Chapter

4 Malaya

Charles Parkinson

in Bills of Rights and Decolonization

Published in print November 2007 | ISBN: 9780199231935

Series: Oxford Studies in Modern Legal History

4 Malaya

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Malaya achieved independence on 31 August 1957 with a minimalist bill of rights. The main local pressure for the bill of rights came from the Malayan Indian Congress, which was supported in its demand by the majority Malay and Chinese political parties under the umbrella of the Alliance Party. The decision to include a bill of rights in the Malayan independence constitution was made by the Reid commission. The influences on the Malayan bill of rights were primarily Asian; the rights in the constitutions of India, Pakistan, Ceylon, and Burma all figured prominently. The Reid commission conceived the bill of rights as the central feature of a fundamentally non-communal constitution. However, as the majority Malays favoured special rights for Malays in a communal state, they opposed the commission's scheme to safeguard the minority Chinese and Indian communities.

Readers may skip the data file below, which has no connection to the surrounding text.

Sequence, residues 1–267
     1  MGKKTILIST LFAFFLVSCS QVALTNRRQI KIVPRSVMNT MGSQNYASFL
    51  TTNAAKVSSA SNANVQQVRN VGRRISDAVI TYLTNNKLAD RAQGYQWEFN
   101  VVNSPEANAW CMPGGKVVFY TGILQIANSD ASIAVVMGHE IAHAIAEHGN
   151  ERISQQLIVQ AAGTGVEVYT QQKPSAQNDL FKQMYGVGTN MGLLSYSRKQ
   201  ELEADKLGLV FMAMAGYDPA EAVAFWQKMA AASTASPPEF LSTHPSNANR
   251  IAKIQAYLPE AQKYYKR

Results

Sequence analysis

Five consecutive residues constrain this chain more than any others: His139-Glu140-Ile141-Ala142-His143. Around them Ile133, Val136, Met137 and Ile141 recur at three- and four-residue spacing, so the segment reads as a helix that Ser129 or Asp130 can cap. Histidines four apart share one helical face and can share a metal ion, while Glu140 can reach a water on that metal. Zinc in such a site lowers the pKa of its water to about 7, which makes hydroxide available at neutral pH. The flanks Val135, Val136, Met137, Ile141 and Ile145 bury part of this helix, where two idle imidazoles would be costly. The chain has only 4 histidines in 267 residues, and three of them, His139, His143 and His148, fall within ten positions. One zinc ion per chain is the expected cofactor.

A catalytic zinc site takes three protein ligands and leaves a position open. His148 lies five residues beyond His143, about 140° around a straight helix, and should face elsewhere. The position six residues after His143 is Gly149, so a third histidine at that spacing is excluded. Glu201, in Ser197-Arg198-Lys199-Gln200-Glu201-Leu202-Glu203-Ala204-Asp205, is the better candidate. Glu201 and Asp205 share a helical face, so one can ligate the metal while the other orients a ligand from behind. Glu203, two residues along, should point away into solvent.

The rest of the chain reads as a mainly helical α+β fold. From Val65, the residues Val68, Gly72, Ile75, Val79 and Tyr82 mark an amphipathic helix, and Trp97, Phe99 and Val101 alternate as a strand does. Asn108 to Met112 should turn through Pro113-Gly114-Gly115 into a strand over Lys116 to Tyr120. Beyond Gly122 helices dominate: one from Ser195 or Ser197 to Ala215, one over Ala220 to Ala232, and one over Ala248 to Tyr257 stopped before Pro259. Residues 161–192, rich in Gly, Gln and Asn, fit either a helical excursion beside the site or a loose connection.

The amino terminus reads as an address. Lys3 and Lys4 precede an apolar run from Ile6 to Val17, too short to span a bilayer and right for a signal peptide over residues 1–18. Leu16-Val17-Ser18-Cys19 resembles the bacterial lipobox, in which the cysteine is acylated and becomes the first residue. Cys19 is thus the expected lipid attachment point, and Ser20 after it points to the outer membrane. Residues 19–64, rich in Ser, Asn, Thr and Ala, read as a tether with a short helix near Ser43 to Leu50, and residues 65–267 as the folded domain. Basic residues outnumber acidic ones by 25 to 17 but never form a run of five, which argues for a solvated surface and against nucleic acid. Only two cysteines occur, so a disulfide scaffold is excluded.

Chapter.  30 pages.  14073 words. 

Subjects: Constitutional and Administrative Law ; Law

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